The English language is very confusing and contradictory to many children. We can spot them because they are also the children who struggle to read. It’s as simple as that! The Right-Brained Phonics and Spelling Kit will be your best helper when demystifying this language for your brand new or struggling readers.
Here’s the Kit:
The Right-Brained Phonics and Spelling Kit contains:
The Illustrated Book of Sounds & Their Spelling Patterns will be both your teaching manual and your student workbook. The lessons are presented in order by difficulty, so you can start at the very beginning and march straight through the book. The purpose of this book, in simplest terms, is to show your children all the ways to spell each sound they hear in words. It is important to carefully read the instructions at the beginning of the book, paying closest attention to the sections “Fundamentals” and “Daily Routine.”
*The printed book also comes with a download for ease of printing workbook pages.
- Sound Spelling Display Cards are used to display on the wall as you teach a particular sound. The purpose of the Display Cards is to show in one place all the ways you can spell a sound. For example, there is one card for Long A spellings which include: a-e (ate), ai (rain), ay (day), ey (they), ea (break), eigh (eight), ei (rein), aigh (straight). The card contains a sentence using all the spellings: “One day eight reins were not straight, so they took a break and ate in the rain”. The sentence and picture tie together all the ways to spell Long A.
- Sound Spelling Teaching Cards pair with the first two resources. If you are teaching Long A spellings using Sounds & Their Spelling Patterns, you will find the Long A Display Card and post it. Next you will find the 8 Long A Teaching Cards in your kit. There is one card per spelling. So when you are teaching Long A you will use the specific card for the spelling you are teaching that day. When you have taught that particular spelling, you can display the Teaching Card by the Display Card and let the cards accumulate there until you have taught all 8 spellings.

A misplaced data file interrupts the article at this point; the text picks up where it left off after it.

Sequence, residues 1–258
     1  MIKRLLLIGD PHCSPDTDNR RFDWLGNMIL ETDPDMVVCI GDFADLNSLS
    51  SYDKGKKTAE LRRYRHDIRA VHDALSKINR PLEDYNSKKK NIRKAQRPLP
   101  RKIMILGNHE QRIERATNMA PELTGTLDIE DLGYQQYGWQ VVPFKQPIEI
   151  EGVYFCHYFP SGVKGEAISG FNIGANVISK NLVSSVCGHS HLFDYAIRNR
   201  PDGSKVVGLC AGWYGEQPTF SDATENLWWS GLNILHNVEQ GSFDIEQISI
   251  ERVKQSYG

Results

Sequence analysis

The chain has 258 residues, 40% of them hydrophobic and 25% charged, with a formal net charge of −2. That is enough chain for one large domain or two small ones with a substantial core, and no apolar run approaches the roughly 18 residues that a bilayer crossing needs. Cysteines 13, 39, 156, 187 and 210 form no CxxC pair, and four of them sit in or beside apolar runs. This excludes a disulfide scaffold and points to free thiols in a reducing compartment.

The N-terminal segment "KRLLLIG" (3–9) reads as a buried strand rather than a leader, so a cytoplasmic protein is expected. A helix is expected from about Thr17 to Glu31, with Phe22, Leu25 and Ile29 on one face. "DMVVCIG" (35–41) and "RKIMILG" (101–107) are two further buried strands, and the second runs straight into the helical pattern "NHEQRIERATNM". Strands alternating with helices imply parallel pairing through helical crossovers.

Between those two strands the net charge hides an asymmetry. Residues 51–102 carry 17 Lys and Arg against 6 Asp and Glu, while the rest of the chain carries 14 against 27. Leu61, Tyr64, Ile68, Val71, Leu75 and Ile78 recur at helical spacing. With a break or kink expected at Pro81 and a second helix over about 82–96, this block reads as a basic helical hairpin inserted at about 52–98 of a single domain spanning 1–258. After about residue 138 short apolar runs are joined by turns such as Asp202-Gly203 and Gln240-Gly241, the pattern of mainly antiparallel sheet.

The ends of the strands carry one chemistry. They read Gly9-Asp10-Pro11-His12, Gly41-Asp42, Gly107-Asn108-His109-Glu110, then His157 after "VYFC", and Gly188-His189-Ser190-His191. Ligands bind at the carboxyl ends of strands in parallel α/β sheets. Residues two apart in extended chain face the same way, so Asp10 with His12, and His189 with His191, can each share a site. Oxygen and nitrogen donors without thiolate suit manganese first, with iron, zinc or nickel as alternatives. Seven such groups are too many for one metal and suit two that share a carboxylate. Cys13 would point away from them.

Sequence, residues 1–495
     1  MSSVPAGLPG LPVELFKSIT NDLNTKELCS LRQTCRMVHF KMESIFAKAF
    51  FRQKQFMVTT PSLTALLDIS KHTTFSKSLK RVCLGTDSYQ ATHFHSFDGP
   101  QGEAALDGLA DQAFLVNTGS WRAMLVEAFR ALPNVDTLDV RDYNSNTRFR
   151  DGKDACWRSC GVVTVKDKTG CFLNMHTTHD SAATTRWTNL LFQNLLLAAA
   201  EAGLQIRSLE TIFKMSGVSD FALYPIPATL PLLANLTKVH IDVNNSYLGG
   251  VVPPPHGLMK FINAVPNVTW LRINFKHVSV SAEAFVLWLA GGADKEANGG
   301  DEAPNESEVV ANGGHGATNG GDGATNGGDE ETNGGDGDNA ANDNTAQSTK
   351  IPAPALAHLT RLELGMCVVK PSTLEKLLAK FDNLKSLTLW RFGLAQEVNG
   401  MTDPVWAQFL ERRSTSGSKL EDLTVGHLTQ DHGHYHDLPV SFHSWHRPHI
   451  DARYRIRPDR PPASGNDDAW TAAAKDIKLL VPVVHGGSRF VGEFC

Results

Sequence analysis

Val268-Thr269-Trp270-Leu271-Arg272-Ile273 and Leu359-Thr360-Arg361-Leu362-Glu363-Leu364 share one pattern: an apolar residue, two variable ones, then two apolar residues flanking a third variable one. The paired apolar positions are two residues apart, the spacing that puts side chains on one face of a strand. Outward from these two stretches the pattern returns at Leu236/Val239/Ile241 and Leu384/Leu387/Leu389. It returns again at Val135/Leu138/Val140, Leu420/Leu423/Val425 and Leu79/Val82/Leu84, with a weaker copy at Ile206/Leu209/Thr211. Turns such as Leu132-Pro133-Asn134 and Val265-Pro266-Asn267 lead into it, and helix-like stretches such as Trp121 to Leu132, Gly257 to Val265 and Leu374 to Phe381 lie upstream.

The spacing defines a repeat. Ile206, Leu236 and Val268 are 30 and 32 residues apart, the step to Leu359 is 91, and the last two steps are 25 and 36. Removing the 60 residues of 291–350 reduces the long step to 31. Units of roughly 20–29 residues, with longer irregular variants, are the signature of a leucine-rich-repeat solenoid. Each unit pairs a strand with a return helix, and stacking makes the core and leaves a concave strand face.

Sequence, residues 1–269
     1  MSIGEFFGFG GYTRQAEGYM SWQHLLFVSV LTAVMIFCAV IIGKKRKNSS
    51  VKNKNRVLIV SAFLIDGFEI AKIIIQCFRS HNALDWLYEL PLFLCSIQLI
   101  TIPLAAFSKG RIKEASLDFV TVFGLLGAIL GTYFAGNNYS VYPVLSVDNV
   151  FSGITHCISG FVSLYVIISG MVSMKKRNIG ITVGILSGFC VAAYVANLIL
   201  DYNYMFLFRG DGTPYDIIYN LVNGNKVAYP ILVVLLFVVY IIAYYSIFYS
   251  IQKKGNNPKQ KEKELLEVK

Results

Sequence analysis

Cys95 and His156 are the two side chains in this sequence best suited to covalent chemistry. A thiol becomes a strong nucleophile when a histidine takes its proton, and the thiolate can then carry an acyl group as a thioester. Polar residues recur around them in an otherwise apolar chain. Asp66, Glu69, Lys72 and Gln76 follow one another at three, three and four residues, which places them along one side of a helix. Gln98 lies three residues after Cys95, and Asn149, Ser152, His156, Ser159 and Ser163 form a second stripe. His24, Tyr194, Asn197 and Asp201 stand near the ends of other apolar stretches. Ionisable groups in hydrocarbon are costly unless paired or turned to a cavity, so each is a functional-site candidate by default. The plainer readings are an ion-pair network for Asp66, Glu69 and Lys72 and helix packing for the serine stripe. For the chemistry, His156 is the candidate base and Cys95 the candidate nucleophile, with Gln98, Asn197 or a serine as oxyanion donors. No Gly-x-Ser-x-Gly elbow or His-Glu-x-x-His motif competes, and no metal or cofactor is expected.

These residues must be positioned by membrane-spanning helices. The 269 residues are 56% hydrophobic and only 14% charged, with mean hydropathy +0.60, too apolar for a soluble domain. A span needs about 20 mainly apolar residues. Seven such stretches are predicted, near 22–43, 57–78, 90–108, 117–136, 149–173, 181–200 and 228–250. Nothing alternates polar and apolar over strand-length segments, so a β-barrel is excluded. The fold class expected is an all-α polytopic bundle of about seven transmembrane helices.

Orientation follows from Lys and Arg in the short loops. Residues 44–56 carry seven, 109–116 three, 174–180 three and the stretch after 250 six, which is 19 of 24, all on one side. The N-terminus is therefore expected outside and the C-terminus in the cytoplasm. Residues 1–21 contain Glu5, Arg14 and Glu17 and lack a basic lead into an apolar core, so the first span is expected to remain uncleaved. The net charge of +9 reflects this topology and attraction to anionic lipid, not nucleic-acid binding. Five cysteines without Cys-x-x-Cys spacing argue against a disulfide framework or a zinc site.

How to Use:
- Select one sound spelling to teach. For example, Long A sound spellings. Look behind the tab called Long Vowel Sounds (card #43) and find the 8 Long A cards showing the eight ways to spell Long A.
- Notice on the Long Vowel Spellings tab that each spelling has a Key Word. Key Words are well-known words that serve as examples of each sound spelling. You can say "AI as in rain” and then find other words that match that sound spelling: “wait, pail, mail, snail, hail, main, stain,” etc.
- Display all 8 cards for Long A, but focus on one spelling at a time. Displaying all the sound spellings help children orient themselves to the fact that this family of spellings all make the same sound. If they have the chance to see them all in one place, it helps them as they read to locate a new word within the group.
- For each spelling, you may cut a long strip of paper and write the Key Word at the top. Then as your children find other words with AI in them, they can write them on the strip which you will have displayed for them.
- Alternately, your students can keep notebooks that contain the words they are collecting for each sound spelling.
Additional materials needed:
Your child will need a whiteboard and marker every day. You will also want one for yourself to demonstrate words that match a spelling pattern. For example, for ai, a list of words you could write include “hail, pail, mail, sail, tail, bail, nail, rail, fail, jail”.
What the Kit Will Do:
Teaching all the ways to spell the sounds we can hear in words will help bring order and sense to our very confusing language. Children will quickly learn that there are predictable patterns in the English language that they can learn to recognize easily. Spellings they learn in short, easy words (such as the ay in day) they will recognize in longer words such as in the word maybe or playmate. Learning sound spellings will help kids who struggle spot those spellings in their reading. Recognizing their old friends in harder, longer words will give them the ability to quickly figure out new words without stress.